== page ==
5 postures to deepen your backbends safely and comfortably. By Monica Arellano
Deepening your backbends isn’t about learning more complex postures, but an opportunity to better understand your own spine and mobility. Rarely do we bring our spines into extension throughout a normal day…however, it’s vital in creating balance and strength throughout the spinal column. Expanding your backbend practice is a great way to open the chest, and improve your posture. Here are five postures and drills to either warm up the body before a backbending practice or to establish patterns in the body that will be useful in any backbend posture, like Urdhva Dhanursasna or Ustrasana.
This is a good posture to feel into the anterior pelvic tilt in backbends. It gets you feeling into the low back, and sacrum and releasing any unnecessary tension.
There are two different ways of approaching this posture – both beneficial to your backbends:
First, by holding it passively. Relax the legs, glutes, even the head down if it gets too heavy and just allow the body to take up the space of the shape. If you feel too much compression in the low back, slide the elbows forward a bit.
The second way of using this posture is actively. Press the tops of the feet down into the mat and engage through the quadriceps by lifting the knee caps. The knees will most likely lift from the floor. Then press the pubic bone down into the floor, and the elbows down and towards the hips. This should give you the feeling that you're pulling the chest forward and through the shoulder blades. You're working towards creating space along the front side of the body, an important paradigm in all backbends. Move the ribcage up and away from the hips to continue emphasising this length through the front body.
This second version of sphinx, in particular, is very useful to establish the pattern in the body of moving the ribcage and hips away from each other to alleviate compression in the lower back that we so easily fall into when working towards deepening a backbending practice.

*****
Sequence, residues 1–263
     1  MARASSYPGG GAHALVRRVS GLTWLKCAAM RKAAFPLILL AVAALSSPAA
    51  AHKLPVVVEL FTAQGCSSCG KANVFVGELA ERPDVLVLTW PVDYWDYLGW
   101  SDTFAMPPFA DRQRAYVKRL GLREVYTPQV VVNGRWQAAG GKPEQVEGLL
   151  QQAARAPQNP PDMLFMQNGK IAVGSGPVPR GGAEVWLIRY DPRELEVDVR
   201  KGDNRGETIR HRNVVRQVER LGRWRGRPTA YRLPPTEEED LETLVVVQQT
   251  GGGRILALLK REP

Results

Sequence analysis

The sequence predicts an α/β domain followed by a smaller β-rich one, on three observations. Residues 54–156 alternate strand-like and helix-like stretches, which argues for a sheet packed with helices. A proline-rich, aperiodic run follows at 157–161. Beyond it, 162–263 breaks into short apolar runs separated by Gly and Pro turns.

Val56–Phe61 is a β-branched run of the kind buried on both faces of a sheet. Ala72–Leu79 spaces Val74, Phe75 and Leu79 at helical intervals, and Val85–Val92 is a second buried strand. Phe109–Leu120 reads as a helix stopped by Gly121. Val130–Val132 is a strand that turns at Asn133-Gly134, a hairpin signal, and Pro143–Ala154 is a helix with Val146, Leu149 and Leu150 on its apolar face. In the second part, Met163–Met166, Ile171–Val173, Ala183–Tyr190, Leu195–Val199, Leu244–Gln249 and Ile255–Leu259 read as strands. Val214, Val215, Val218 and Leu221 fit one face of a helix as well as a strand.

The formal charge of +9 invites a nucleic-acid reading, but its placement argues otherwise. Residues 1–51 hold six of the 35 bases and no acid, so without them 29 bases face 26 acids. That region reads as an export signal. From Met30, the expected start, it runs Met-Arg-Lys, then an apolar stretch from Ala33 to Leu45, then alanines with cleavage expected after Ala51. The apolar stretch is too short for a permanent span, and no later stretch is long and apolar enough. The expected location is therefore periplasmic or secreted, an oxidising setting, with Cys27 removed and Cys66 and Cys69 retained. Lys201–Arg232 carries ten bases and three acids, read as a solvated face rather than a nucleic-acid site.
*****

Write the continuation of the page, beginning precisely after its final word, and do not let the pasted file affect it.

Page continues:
As with many postures there are a number of ways of embodying this posture. The point remains the same for our backbending intention: to stretch the front of the hips or the psoas muscle. The psoas is a major muscle in the body that runs from the lumbar spine through the front of the hips and when tight can become an obstacle to backbending with ease.
For this posture, move the back knee further away to deepen and closer to the front leg to make it less intense. Keep the breath even and steady to help release the front of the hip down towards the floor. The hands can be on the floor or on the thigh, and the back knee can be resting on the floor or lifted with the back toes tucked under.
A variation of this posture to take you even deeper is to bring the back foot towards the glute. Keep bending into the front knee and releasing the front of the hip.
Thread The Needle
Having a mobile thoracic spine is also important to safely move into deeper backbends. Thread the needle is a great drill to help bring mobility to this part of the spine that's often difficult to access.
You can use this posture as a repetitive drill, moving the arm up and through for just one breath each, making sure to keep the hips in line with each other to ensure the rotation is coming from the upper back.
Another option is to hold the threading through part by relaxing the arm on the floor and taking the opposite arm over your head to aid in further releasing into the posture. This should create some extra space in the upper back that will come in handy when moving into the upper back in backbending — ultimately distributing the bend throughout the entire spine and alleviating compression in the lower back
This is another great posture to keep creating mobility and space in the thoracic spine and crack open the heart. The upper back is not as easy to move into as the lower back for most people, so spending some extra time opening here will be very beneficial to your backbending practice.
Again, there are different ways of being in this posture. If the arms are overhead make sure to keep the shoulder externally rotated, with the shoulders moving away from the ears. The chin can be touching the floor for the deepest version or the forehead on the floor.
A modified version can be with the elbows on the floor bending the arms and placing the palms in prayer between the shoulder blades.
Supported Heart Opener
This last posture is to keep us opening the front body heart space in a more delicious, relaxing way.
Using a block just below the shoulder blades. Find a placement for the block that's comfortable for you that allows you to passively open. The block can be on the first, second or third level depending on how deep the body is able go. If you're on one of the higher levels feel free to place another block underneath the head for support.
Feel the body and heart melting around the blocks towards the floor. Stay here as long as it feels okay.
I hope these movements and postures help you wherever you may be in your yoga and backbending journey. Remember: accessing different parts of the body takes time and the most valuable quality you could bring to your practice is patience